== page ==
Cast & Crew
At the end of the Civil War, in the New Mexico territory, cowboy Gil Kyle rides to Golden Trail, after being attacked by two men looking for Confederate sympathizers, or Copperheads. In the pro-Union saloon, politically neutral Gil attracts the attention of Candace Bronson, who flirts with him, then asks, "How many Mondays in a Thursday?" When Gil acts perplexed by the redhead's question, Candace excuses herself and goes to a back room, where she repeats the sentence to a waiting stranger. The stranger utters the words, "Broken sombrero, 13, 26," then falls dead from a knife wound. Having heard the fall, Gil enters, followed by the sheriff and a man named Dunn Jeffers. While the sheriff is interrogating Gil about the dead man, Candace sneaks off, leaving Gil without an alibi. Gil grabs Dunn's gun and flees on his horse, just behind Candace. On the trail, Gil intercepts Candace, who promises to clear him once she has reached her destination. Spotting the sheriff's posse approaching, Gil and Candace take off, riding all night until they come to a ranch house. Inside they find a dog lying on the dead body of rancher Carson. After Candace finds a note pinned to Carson, which reads, "Death to Copperheads," Gil surmises that she is a Confederate spy and kisses her. Just as Gil notices that the dog's collar has the Lazy Y brand on it, Dunn rides up, claiming he has come to buy Carson's cattle. While a suspicious Gil questions Dunn, Candace slips away. Dunn then claims that he, too, is a Copperhead spy and threatens to turn Gil over to the approaching posse unless he takes him to Candace. Gil and Dunn elude the posse and ride to the Lazy Y. There, they meet little Mary Barrett and her mother and father, who claim no knowledge of Candace. As Gil and Dunn are leaving, however, Mary gives them an Indian doll, noting that earlier she had given one to a "pretty lady." Gil and Dunn conclude that the doll is a Copperhead signal to go to a trading post near Ft. Jackson, and with the posse still pursuing them, head there. Farther up the trail, Candace, meanwhile, is forced to stop at a deserted cabin when her horse gets a rock stuck in its hoof. Two men, Brock and Perry, who have been following Candace, corner her in the cabin and, aware she is a spy, offer her a deal if she reveals where she is going. Before Candace can respond, Gil and Dunn show up and overwhelm Brock and Perry, whom Dunn identifies as mercenaries. After Dunn sends Gil and Candace outside, he tells Brock and Perry to follow him, then pretends to shoot them. Upon arriving at the trading post, Candace displays the Indian doll and says the code words. Candace, Gil and Dunn are taken to see Lamartine, who claims to be a Confederate colonel, and Candace finally delivers the "broken sombrero" message. Later, Lamartine reveals to the trio that the message has to do with a Union gold shipment, which he and his men plan to steal. Lamartine then exposes Dunn as a Union intelligence officer. In turn, Dunn calls Lamartine a renegade and accuses him of wanting the gold for himself, not the Confederacy. Lamartine dismisses Dunn's claim and orders Brock and Perry, who have been captured by his men, to be executed. After sending Candace off to his camp, Lamartine locks Gil and Dunn in a room and instructs his henchman, Munroe, to kill them once Lamartine has left the post. Gil and Dunn manage to escape the room but are immediately confronted by a gun-wielding Munroe. Having told Gil the gold shipment's route, Dunn instructs Gil to flee, then exchanges fatal gunfire with Munroe. Gil races to the Union camp and informs Capt. Andrews about Lamartine's plan. When Lamartine's soldiers, dressed in their Confederate uniforms, attack the Union wagon train the next day, they are met with equal force. During the bloody battle, Gil rushes off to find Candace, who is being held in Lamartine's wagon. As Candace and Lamartine fight for control of the racing wagon, Gil jumps on board and overpowers Lamartine. After the renegades are defeated, Andrews allows Candace to go, and she and Gil look forward to a happy future together.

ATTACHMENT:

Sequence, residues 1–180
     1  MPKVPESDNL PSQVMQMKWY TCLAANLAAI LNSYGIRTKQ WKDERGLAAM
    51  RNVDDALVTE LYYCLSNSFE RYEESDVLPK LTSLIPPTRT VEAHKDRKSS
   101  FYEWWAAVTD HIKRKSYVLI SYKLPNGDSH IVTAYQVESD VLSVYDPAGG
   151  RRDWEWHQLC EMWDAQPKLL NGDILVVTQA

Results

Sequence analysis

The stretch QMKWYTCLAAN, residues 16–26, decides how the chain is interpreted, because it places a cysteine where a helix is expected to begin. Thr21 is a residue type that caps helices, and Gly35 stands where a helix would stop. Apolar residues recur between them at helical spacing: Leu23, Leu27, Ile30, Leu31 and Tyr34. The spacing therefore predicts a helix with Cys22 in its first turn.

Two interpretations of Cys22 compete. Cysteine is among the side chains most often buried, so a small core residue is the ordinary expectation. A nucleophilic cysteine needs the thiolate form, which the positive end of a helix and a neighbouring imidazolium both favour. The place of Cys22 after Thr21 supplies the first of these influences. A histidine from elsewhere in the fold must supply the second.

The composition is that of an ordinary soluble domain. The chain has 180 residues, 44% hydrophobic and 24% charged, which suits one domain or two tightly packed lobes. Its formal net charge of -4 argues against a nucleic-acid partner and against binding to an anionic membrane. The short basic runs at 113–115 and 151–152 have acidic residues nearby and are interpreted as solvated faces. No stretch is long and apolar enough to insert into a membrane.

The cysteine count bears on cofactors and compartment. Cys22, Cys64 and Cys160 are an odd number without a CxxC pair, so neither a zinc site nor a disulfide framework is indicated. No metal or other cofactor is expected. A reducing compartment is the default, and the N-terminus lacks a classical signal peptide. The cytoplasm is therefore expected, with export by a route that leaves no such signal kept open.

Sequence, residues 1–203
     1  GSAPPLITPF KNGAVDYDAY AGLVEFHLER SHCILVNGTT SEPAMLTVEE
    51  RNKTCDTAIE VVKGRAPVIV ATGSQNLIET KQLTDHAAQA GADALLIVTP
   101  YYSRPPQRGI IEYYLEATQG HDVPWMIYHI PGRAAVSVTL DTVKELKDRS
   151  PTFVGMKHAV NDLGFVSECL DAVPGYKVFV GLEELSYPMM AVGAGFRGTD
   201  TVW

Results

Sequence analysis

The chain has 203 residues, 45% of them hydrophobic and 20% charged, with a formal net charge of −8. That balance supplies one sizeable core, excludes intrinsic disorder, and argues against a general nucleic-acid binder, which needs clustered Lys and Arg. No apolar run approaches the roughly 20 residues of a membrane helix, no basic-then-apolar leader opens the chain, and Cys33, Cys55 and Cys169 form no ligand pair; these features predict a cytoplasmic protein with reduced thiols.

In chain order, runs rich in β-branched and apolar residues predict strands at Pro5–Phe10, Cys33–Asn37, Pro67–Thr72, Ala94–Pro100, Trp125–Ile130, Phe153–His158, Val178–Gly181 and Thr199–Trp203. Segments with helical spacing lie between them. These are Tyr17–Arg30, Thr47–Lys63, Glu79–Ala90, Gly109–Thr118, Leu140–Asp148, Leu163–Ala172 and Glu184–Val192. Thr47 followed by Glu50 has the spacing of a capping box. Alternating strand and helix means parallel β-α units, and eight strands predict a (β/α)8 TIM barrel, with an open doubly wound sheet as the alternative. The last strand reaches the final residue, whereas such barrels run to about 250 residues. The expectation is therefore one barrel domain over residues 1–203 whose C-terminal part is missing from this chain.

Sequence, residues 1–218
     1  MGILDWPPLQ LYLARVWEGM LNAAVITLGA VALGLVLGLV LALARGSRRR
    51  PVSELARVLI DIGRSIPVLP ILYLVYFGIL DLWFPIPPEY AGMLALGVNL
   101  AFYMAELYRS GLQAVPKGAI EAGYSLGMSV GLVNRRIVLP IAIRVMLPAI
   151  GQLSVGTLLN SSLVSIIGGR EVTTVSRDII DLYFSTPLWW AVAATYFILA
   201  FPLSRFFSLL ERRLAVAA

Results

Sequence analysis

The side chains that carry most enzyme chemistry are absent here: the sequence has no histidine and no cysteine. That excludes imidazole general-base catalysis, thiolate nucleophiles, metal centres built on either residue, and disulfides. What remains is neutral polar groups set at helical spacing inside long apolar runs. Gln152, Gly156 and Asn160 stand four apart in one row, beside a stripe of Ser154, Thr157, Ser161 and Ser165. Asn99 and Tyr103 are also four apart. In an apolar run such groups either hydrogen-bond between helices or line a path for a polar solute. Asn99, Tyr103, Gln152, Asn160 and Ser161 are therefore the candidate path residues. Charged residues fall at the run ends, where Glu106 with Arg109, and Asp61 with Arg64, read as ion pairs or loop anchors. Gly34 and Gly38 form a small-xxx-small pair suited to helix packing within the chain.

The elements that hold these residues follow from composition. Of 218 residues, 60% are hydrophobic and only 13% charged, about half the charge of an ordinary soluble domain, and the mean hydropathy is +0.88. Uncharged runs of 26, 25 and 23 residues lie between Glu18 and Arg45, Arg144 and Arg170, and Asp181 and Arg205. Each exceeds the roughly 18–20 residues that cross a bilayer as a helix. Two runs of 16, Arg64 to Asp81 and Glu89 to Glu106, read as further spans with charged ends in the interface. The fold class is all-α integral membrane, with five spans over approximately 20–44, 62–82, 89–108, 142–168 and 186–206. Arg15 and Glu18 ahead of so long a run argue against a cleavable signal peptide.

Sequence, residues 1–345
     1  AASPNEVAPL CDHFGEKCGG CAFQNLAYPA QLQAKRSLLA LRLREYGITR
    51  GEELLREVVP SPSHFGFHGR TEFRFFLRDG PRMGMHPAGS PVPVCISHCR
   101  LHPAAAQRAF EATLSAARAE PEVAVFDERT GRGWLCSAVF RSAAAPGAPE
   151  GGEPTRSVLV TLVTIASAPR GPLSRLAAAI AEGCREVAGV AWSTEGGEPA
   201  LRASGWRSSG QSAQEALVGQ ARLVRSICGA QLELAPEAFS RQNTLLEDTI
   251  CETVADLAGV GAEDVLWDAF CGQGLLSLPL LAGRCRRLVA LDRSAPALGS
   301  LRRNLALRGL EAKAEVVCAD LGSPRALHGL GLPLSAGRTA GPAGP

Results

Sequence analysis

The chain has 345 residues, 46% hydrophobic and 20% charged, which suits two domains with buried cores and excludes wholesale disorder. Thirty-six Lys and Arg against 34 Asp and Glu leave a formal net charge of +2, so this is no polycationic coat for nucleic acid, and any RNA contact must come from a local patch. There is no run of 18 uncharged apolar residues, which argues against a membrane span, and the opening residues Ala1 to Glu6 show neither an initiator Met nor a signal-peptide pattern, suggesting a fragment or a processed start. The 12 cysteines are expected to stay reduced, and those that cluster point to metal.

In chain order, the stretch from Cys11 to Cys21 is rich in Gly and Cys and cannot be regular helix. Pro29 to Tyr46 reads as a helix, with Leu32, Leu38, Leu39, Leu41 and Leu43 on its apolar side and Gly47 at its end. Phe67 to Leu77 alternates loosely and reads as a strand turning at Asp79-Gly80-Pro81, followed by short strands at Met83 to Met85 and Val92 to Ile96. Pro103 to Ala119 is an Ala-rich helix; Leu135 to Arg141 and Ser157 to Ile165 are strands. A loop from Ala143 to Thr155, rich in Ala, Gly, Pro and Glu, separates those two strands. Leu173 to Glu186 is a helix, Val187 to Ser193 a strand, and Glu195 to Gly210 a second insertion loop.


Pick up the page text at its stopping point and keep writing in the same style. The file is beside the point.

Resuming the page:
Iron Eyes Cody
C. Kenneth Deland
Daniel L. Fapp
Charles Marquis Warren
The working title of this film was Beyond the Sunset. The order of the end credits differs slightly from the opening cast credits. In the end credits, King Donovan's character name is misspelled as "Munoe." The following written statement appears at the end of the opening credits: "New Mexico Territory 1865. The war between the states is in its last stages. A few remaining Confederate sympathizers called 'Copperheads' are putting up a secret last ditch fight. Renegades, outlaws, deserters from both armies pillage and raid. It is a period of burned ranches and looted wagon trains, of ambush and murder, with no man in the territory safe from the rising tide of violence."
Hollywood Reporter news items add Jack Kenney, George Holt, Anthony Smith, Willie Bloom, Dick Carlen, Polly Burson, Frank Cordell, Frosty Royce, Beau Anderson, Jack Fitzpatrick and John Roy to the cast, but the appearance of these actors in the final film has not been confirmed. Location filming took place in Sedona, AZ, according to news items. According to a modern source, footage from the 1937 Paramount film Wells Fargo (see AFI Catalog of Feature Films, 1931-40) was used in The Redhead and the Cowboy.